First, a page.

Unfortunately, nobody agrees on what it would take to fill the gap of religious knowledge. The people who take straight-up religious knowledge most seriously -- by definition, the fundamentalists -- are also the ones who most strenuously object to critical or analytical readings. Ironically, the preachers want you to be able to recite scripture by heart, but not start to question its true meaning, intent, or veracity. And the people with the most interest in open-minded approaches to religion are the ones most likely to brush past the details and gestalt the big picture. "Just groove on the message of Love, baby."

Ideally, we'd like to have the best of both worlds: a religion with flexibility and subtlty, but also with some spine. I am all for people being guided by their own conscience in moral matters . . . but a lot of pain and heartache could be avoided if people just took a few more "thou shalt nots" more seriously. I've been thinking of doing an SKS meeting along these lines: have them write down all the religious rules and doctrines they can remember, and then have them evaluate which ones they really believe in, and how much. What are the rules? Is anything sacred and inviolable?

I believe in rules. Maybe they are rules that you accept on faith from religious scriptures, or maybe they are rules that you carefully evaluate and formulate on your own . . . but there have to be some rules. And we might as well start with the ones that have been around for a few thousand years.


Wednesday, March 07, 2007

Taking the fifth

This morning, while waiting for a plane, I wrote a post about a transgendered professor at an evangelical college who is now bringing a complain to the EEOC. I thought it was going to be a thoughtful, balanced piece that recognized the plight of the transgendered but was frank and honest about how most people (myself included) find sex changes to be really weird and disturbing.

But I found myself staring at piece, and not really agreeing with it. That happens, sometimes; I'll write an opinion, and before I post I'll realize that it's not right. I guess the truth is I don't know what to make of transgendering. It is, by its very nature, a matter of confusion. The people it affects are confused, or their bodies are confused, and everyone else is confused right along with it.

Anyway, I lost my nerve to take a stand on the matter. I'll just do what most people do, when confronted with a woman who looks like a man trying to be woman . . . mind my own business.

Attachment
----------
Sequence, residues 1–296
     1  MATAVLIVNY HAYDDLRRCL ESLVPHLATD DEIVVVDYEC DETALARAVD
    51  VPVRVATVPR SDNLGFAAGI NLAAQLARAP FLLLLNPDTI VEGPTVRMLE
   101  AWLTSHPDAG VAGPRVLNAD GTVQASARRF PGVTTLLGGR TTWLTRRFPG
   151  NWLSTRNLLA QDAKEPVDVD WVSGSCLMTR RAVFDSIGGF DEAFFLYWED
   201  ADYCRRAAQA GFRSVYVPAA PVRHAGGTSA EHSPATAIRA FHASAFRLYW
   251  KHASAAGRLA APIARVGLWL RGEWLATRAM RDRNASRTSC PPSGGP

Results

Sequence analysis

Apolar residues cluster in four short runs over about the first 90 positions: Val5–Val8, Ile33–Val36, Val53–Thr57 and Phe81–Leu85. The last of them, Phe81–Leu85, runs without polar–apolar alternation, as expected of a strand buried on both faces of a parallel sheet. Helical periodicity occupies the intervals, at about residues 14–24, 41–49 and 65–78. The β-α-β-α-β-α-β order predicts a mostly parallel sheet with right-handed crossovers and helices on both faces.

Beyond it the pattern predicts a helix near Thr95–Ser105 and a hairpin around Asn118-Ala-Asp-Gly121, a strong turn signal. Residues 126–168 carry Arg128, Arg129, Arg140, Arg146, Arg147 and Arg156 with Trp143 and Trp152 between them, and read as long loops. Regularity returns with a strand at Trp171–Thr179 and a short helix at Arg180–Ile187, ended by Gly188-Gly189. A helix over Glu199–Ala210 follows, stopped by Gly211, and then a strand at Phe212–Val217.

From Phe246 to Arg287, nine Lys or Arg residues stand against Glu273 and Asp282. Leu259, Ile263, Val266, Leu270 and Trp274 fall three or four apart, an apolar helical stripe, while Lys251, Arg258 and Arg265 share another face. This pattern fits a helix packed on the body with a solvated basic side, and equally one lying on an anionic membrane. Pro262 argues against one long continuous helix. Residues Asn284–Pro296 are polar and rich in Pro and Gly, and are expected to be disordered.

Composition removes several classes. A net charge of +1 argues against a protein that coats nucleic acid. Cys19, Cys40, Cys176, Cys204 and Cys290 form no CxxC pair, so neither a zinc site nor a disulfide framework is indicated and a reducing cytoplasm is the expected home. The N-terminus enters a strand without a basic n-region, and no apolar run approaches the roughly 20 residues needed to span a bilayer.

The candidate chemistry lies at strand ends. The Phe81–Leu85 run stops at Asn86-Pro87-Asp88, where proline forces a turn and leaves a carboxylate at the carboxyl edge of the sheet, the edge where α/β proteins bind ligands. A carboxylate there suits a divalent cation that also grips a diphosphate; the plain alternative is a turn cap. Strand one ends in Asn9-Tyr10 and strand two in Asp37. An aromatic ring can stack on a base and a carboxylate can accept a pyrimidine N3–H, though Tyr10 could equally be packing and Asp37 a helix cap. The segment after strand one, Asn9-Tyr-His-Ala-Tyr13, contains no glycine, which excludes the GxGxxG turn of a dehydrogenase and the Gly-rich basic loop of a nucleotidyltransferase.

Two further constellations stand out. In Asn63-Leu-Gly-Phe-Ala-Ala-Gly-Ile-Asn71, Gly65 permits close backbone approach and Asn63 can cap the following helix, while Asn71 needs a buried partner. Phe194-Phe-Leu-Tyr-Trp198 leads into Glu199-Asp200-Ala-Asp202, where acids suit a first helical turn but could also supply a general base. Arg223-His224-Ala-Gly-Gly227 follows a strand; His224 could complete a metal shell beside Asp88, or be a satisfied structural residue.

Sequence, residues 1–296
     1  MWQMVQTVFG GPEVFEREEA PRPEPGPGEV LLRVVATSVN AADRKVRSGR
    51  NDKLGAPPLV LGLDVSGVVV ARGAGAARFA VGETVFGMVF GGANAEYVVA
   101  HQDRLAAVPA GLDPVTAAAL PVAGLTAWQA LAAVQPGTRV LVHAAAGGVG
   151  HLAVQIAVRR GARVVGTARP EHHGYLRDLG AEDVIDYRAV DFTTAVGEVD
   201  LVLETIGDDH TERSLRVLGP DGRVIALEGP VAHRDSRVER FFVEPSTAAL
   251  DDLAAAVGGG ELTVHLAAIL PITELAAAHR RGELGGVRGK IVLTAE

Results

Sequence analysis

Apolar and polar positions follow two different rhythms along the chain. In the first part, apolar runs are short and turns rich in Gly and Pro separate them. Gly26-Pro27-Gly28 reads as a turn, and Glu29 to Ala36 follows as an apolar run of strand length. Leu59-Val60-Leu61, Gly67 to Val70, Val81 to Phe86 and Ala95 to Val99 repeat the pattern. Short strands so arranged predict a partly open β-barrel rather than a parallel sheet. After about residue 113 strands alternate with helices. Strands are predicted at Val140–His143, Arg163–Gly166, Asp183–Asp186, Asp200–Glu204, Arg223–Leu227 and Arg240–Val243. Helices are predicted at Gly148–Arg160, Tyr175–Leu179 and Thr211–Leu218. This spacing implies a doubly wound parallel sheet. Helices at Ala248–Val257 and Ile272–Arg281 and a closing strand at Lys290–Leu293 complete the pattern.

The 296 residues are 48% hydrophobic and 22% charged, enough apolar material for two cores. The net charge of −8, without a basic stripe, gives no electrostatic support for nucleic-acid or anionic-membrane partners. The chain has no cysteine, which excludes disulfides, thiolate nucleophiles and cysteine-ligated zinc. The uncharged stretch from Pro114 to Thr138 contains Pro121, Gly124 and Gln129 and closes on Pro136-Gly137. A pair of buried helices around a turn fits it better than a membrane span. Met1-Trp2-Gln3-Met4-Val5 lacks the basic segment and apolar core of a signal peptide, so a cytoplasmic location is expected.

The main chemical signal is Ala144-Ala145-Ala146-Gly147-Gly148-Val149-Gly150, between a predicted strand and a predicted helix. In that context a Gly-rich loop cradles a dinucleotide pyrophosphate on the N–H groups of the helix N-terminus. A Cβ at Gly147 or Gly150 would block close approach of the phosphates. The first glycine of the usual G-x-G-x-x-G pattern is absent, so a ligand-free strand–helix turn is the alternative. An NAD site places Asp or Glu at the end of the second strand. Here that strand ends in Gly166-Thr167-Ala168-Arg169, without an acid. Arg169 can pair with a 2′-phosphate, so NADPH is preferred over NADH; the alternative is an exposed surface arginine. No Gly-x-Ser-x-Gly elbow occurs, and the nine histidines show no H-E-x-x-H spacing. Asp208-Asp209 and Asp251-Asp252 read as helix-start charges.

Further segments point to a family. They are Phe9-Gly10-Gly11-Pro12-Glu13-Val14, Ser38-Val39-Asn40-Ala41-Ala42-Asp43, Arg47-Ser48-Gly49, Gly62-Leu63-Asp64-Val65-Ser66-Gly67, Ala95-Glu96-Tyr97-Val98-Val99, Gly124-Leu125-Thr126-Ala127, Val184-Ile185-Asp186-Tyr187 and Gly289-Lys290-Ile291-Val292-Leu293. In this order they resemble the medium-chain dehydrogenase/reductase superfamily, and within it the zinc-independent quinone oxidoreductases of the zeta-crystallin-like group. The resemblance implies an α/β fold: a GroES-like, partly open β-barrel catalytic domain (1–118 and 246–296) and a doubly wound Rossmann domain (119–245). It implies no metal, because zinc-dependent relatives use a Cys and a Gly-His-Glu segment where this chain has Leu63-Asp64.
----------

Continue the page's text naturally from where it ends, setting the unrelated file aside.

Tuesday, March 06, 2007

When the wars are over

At the SKS meeting last night, we talked about what was stressing us out. Talking about other people's problems is usually a relaxing affair, because we generally realize that we're pretty well off with our problems and wouldn't trade them for anyone else's problems. "Phew, I don't have any real problems, thank goodness."

But another thing we noticed was how everyone imagined there would come a time when they would no longer have to be so stressed out. They still believe in Someday. "Someday, when I'm finished with school and I've got a job, I won't have to be so stressed." I'm like the character of Bryan in Avenue Q, marvelling at the naivete of the newly graduated: "Look at that guy, all fresh-faced and not knowing anything . . . he thinks the hard part's over. But it's just beginning."

They all know it's an illusion, too. They wouldn't be coming to the SKS unless they suspected the whole game was rigged, and that a life of endless mad pursuits of one goal after another was, by itself, pointless. And yet they still have faith in it: "Someday it's going to get easier. Someday I will Arrive."

I am no different. Even while I am cramming code into another high-stress project, I am telling myself, "It will get easier soon. Once I get past this project . . . once we master this new product . . . once we get established in this vertical . . . once we have more employees . . . we will arrive." It's probably a healthy way to deal with stress, because of course nothing lasts forever, and this too shall pass, and we can tolerate most anything if we know it's temporary. But fostering the belief that all our struggle will ultimately make us Free . . . that seems like a devil's deal.

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Monday, March 05, 2007

Stress test

A couple people responded to yesterday's post about the spiritual significance of stress, and I wanted to clarify my position.

Kenny pointed out that it would be pointless and irrational to get stressed out about things that were beyond your control, and that in fact our real stress comes from not controlling the things we could have but didn't:
If God stepped down and said "Here is an hour-and-a-half's worth of work. I want
you to do it in the next hour," you would not necessarily freak out about it. You would simply say, "That's impossible." Our real fear is that we have been given 45 minutes of work to do in the next hour, and we're not going to make it. That we could have made it if we worked harder, but we just didn't give it our all.

Some stress certainly does come from failing to live up to one's true capacity. That's the point at which stress takes on a moral dimension: I should have done it, but I didn't. In such situations, you not only fail, but you also take the rap for it.

Not all stress is like that, though. It is also possible that you are doing everything right, morally speaking, but that you are still on a course with failure. In fact, I am leaning towards that as my definition of stress: "Stress is the anticipation of failure." Whether it's your fault or not, stress is the result of recognizing the real possibility, or inevitability, of a significant failure.